Contact: 00 39 06 683 2480; societylimonta.com
A hushed warren of objet-filled rooms just behind thundering Piazza Venezia. Dispensabile is the lair of three architects whose dedication to the finest of international design shines through a small but inspiring collection of household items. From tableware to coat hooks, bed linen to bookshelves, pot stands to tea pots: everything is simply beautiful, and quite a lot of it is surprisingly affordable. Linen bedsheets in striking natural shades and stylish Alessi coffee pots are particularly good value.
Contact: 00 39 06 98261405; dispensabile.it
Micromosaics – mosaics assembled with tiny glass or enamel tesserae – go back to Ancient Roman times, but it was in the 18th and 19th centuries that the art boomed in Rome, as a perfect source of easily portable souvenirs for those on the Grand Tour. Luigi Faraoni and his fellow worker Silvia Grieco are among only a handful of Roman artisans still working in the field today. The pair make jewellery (watches, rings, pendants, pins), featuring both abstract and figurative motifs, with tiny enamel-like tiles. Of particular note are the gemelli (cufflinks) with Pompeian patterns and ancient Roman scenes.
Contact: 00 39 06 683 2832; romanmicromosaic.it
The Cassio family has been restoring ancient mosaics and creating modern ones for over a hundred years, with paterfamilias Lorenzo Cassio, a former director of the Vatican’s mosaic school, passing down his artistic legacy through three generations. Most work is done for well-to-do private clients and public or religious institutions, but curious guests are welcome to look in on this reign of calm and attentive craftsmanship, and visitors can sign up for workshops in how to cut, glaze and blend colours and mount artwork.
Almost Corner Bookshop
Owner Dermot O’Connell personally curates the selection of fiction, art and photography books, historical tomes, cookbooks and Rome-themed volumes on sale at this compact English-language bookstore in the picturesque heart of Trastevere. He’s a great source of local tips and lore. There are frequent readings and presentations – and they also host a very lively Christmas party. Once the Corner Bookshop, the store changed its name following a move. Note the seven-day opening: if you’re short on reading matter, the Almost Corner is a good destination for a Sunday passeggiata and the friendly staff give great advice.
Contact: 00 39 06 583 6942; facebook.com/AlmostCornerBookshop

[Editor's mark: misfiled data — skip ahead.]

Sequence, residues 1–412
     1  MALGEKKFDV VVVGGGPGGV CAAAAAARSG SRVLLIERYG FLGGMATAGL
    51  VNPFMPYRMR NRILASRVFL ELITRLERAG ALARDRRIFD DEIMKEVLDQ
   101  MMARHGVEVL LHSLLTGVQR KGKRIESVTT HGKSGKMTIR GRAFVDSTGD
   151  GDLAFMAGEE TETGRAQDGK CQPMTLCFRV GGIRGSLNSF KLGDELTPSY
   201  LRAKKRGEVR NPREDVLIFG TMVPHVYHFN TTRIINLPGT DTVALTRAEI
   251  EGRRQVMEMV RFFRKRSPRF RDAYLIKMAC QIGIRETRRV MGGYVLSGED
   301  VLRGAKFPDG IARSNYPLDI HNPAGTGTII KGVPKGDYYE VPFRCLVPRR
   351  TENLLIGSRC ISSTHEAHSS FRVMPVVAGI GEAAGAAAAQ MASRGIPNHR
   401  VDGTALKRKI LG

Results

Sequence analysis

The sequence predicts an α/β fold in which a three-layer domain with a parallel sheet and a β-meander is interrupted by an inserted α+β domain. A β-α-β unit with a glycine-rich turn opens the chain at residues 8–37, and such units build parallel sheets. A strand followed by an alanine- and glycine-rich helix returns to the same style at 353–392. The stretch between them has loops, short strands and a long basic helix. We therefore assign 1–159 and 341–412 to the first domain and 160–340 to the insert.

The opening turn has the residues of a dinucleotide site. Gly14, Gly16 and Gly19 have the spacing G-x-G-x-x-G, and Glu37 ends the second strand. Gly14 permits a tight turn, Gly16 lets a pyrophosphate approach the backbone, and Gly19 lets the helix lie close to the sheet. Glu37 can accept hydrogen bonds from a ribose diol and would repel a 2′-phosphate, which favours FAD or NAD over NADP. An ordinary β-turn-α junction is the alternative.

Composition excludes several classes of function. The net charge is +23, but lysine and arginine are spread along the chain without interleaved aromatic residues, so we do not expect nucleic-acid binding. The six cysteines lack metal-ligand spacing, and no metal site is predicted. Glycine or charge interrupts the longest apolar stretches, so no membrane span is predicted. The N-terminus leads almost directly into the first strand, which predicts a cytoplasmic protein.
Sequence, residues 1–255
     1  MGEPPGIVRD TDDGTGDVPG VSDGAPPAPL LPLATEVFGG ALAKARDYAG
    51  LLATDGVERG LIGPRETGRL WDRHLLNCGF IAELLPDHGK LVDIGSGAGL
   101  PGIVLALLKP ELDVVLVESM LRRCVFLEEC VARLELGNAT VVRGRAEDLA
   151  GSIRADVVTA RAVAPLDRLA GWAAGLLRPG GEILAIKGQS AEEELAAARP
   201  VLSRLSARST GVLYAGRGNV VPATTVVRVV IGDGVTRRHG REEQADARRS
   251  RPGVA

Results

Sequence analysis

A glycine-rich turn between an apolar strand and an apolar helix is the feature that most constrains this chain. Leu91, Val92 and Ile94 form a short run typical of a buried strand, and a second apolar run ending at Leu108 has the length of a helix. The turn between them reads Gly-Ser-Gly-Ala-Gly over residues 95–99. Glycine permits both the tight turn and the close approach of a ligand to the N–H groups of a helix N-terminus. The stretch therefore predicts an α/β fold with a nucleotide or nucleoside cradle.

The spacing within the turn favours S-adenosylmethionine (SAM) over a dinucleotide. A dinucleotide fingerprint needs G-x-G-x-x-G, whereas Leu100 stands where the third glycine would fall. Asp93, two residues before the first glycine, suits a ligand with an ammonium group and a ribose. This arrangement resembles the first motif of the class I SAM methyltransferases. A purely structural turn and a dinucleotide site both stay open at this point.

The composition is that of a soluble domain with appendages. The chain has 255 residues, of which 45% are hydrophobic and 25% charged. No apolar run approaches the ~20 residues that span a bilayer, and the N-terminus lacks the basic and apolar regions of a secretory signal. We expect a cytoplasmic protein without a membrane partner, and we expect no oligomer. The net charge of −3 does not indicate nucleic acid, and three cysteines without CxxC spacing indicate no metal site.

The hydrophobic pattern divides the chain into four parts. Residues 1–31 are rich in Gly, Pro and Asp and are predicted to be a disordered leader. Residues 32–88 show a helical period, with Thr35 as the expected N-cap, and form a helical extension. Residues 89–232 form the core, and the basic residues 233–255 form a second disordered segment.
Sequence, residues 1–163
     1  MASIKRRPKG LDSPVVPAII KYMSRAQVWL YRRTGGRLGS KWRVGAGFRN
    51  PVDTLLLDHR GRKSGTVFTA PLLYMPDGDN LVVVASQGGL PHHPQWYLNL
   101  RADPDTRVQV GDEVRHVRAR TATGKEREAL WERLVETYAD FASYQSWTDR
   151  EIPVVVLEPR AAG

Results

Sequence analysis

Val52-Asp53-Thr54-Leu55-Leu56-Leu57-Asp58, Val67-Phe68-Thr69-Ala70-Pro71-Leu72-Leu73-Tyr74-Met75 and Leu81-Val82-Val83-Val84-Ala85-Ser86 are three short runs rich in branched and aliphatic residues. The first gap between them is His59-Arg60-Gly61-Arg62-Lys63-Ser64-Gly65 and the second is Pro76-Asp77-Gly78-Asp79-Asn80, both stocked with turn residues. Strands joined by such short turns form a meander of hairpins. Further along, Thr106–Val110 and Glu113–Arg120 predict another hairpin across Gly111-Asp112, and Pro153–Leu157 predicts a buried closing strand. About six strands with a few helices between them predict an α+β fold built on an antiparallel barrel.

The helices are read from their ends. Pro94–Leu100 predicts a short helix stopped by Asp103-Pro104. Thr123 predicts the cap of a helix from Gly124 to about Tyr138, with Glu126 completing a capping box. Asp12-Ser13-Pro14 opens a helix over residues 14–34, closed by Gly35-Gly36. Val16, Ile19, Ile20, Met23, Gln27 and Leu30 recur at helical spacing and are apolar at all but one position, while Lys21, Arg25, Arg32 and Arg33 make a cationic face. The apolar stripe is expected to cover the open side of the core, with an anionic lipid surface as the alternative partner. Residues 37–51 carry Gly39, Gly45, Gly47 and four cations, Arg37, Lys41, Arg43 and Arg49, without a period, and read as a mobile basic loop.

Cereria Di Giorgio
If you light a candle in any of Rome’s churches – including St Peter’s – there’s a pretty good chance that it was made by this company, which has been operating out of its Trastevere headquarters since 1908. Still in the hands of the Di Giorgio family, the company now produces a huge range of candles: in beautiful shades for the home, and perfumed for the garden. If you’re suffering from Roman mosquitoes, bear in mind they also do a line of citronella candles, which are perfect natural repellents. Just round the corner is the city’s bucolic and peaceful Botanical Garden.
This wondrous deli-meets-coffee shop is a great place to stop for a cup of excellent coffee at the bar, or to pick up Italian regional delicacies or exotic foreign goods (it’s long been a haven for ex-pats seeking Marmite, yerba mate and other sine qua nons) that are not easy to find elsewhere. There’s a great selection of balsamic vinegars, coffees, jams, pasta, spices… the list is endless. Castroni’s excellent own-brand coffee, which is a great souvenir, now also comes in capsules that will work with most major coffee makers.
Contact: 00 39 06 687 4383; castroni.it
The high-quality, Slow Food-inspired Eataly food, wine and cookware empire opened its Roman outpost in 2012, filling three sprawling floors of a long-abandoned air terminal in the southern suburbs with anything and everything to do with Italian-produced food and drink. In this crisp contemporary setting there are areas selling meat fresh and cured, organic vegetables, cheeses, books, wines, beers from micro-breweries, and kitchen gadgets – all this plus no less than 20 restaurants, wine bars or food stalls, cooking courses, regular tastings and children’s activities. Check online for cooking classes and wine tasting events.
Locals will probably always call this the ‘new market’ (it moved in 2012). Besides a great range of fruit, vegetable, meat and fish stalls, there are stands selling last season’s shoes at knock-down prices, designer household objects (Cocci e Madera, Camera 39), some very good made-while-you-wait street food (Mordi e Vai) and piles of cheap or vintage clothes that are well worth rifling through. Most of the proper shops inside the market are open from around 9am to 2pm. The food stalls generally open between 6am and 7.30am, and run until 1.30pm-2.30pm.
Behind the glass of this old-school deli’s counter lie piles of exquisite cheeses, cured meats of all kinds, artisanal breads, huge tins of salted anchovies, artichoke hearts preserved in olive oil, and more. All of which will mesmerise you until you exit with a bag-load of goodies that you didn’t even know you wanted. Around the corner at Via Alessandro Volta 8, you’ll find the Taverna Volpetti (Mon and Sun, 11.30am-3.30pm; Tues-Sat, 11am-11pm). The kind of gourmet ingredients available in the deli are used in light lunches, cured meat and cheese platters and on pizza here.
Contact: 00 39 06 574 2352; volpetti.com
Opening times: Mon 11am-4pm; Tues-Sat 11am-11pm; Sun 11am-4pm